This week when history demanded his voice, Obama once again opted for silence instead of courage. Democratic and Republican Congressional leaders have strongly condemned Jimmy Carter's planned meeting with Khaled Mashal, head of the Hamas terrorist organization. Both Democrats and Republicans demonstrated their leadership in a bipartisan letter to the former president entreating him to refrain from using his stature to undermine U.S. policy and negotiate with Hamas. (Hamas is committed to the complete eradication of Israel and has forsworn any negotiations in favor of violence.) Among Democrats speaking out on the House floor was Rep. Debbie Wasserman Schultz (D-FL), "In light of Hamas' continuing violence and calls for the destruction of the State of Israel, I strongly urge President Carter to reconsider his decision." Others warned that meeting with Hamas would not only undermine U.S. policy and the leadership of Mahmoud Abbas, but lend legitimacy to the group that thwarts all efforts for peace.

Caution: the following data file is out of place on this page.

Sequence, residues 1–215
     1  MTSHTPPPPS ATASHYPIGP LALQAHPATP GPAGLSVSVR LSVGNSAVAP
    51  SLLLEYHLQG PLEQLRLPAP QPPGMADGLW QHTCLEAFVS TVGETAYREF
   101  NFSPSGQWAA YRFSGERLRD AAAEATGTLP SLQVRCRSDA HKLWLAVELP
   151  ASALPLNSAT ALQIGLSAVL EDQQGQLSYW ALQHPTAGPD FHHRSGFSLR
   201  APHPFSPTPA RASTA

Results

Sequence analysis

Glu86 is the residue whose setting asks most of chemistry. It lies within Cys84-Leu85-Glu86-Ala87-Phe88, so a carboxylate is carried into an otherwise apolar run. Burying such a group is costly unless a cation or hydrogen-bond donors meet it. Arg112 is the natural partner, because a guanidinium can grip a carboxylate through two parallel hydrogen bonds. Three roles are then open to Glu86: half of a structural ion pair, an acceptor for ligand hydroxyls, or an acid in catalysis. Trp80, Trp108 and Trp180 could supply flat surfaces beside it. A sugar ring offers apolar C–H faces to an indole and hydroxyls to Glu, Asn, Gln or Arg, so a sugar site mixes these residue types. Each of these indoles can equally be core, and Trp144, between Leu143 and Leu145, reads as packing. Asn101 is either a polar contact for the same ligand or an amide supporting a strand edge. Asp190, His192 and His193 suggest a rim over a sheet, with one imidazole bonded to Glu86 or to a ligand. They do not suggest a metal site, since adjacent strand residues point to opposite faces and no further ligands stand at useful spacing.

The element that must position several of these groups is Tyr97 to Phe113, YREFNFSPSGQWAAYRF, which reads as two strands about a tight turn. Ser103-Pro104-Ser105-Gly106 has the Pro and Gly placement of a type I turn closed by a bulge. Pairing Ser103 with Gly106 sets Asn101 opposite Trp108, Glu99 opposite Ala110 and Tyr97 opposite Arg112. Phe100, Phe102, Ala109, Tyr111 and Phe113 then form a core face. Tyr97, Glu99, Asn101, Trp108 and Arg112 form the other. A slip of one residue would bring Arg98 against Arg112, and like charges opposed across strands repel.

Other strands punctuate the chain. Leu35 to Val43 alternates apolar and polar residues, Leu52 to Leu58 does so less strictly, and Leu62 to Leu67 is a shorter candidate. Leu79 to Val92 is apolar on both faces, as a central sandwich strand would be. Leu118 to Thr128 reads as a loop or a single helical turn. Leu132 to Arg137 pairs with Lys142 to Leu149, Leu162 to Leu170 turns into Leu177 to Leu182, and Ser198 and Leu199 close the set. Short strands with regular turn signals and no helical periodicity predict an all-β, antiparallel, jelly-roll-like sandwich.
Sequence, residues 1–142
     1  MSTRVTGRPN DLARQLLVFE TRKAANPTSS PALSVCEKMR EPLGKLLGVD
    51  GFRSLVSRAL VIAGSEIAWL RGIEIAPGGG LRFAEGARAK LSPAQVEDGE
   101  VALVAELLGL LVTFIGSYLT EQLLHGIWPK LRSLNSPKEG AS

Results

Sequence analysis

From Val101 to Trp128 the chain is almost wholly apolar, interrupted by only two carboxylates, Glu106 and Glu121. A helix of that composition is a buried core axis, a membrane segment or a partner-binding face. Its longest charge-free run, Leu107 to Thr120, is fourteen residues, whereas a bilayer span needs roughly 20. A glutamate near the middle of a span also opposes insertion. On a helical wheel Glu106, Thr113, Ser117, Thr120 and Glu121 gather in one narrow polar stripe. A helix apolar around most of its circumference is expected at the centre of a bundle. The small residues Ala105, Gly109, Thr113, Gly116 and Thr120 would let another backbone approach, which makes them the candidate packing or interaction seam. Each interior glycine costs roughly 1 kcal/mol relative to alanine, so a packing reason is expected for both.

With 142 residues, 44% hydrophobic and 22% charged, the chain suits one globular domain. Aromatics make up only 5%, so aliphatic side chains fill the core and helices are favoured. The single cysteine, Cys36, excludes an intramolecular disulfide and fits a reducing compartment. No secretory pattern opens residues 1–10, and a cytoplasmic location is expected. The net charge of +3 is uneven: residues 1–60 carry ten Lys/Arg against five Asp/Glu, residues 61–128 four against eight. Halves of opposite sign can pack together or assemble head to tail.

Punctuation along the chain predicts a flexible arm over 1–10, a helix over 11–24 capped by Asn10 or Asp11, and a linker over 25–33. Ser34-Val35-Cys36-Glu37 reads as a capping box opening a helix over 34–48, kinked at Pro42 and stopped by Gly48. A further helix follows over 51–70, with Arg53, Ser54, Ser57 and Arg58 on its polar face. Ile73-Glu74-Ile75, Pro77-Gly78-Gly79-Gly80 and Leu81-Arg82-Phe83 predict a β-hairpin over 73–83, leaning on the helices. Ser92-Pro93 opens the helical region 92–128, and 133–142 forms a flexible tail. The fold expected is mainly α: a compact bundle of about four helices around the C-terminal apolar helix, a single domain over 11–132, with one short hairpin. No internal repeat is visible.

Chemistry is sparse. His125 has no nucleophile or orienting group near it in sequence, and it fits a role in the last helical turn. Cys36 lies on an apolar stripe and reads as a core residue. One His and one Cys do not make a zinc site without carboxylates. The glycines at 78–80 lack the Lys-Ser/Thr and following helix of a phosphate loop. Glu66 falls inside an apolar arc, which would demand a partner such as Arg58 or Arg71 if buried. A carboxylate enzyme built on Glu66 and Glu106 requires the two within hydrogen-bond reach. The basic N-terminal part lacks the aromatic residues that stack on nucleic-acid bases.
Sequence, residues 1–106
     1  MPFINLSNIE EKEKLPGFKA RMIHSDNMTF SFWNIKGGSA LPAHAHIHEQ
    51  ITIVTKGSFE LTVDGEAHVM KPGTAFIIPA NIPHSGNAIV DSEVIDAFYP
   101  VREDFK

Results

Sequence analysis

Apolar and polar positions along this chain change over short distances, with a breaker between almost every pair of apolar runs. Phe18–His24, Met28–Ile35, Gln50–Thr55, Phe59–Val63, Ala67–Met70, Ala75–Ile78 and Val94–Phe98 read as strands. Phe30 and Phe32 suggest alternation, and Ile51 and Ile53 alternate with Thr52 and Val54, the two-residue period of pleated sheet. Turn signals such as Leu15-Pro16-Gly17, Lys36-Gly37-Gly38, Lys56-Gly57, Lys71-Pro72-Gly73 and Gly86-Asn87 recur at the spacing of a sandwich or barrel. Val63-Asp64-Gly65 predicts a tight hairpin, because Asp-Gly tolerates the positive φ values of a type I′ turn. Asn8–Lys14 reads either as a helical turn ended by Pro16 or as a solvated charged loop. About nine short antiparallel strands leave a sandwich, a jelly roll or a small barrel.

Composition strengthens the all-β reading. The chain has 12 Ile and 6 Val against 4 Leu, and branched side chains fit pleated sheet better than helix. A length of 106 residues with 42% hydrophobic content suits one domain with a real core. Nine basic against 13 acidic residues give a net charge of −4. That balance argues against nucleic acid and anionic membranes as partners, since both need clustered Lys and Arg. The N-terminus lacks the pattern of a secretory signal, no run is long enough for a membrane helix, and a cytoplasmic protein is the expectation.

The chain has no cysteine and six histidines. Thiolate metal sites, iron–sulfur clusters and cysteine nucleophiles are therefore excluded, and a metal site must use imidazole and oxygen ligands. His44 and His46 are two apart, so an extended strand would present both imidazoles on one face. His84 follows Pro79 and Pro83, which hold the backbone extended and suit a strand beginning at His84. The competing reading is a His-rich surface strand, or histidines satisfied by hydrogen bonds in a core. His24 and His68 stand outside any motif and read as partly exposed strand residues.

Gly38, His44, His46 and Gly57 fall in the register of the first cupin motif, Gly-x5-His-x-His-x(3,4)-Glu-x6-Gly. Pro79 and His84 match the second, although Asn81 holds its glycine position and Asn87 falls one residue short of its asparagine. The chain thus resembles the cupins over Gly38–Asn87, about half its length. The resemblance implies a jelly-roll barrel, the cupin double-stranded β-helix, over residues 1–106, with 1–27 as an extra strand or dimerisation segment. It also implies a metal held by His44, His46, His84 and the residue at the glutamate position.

Obama, stunningly, declined to take a moral stance and instead chose silence. He said it was not his place to criticize former President Jimmy Carter... "I'm not going to comment on former President Carter. He's a private citizen. It's not my place to discuss who he shouldn't meet with," Obama (Reuters April 11, 2008) (full story)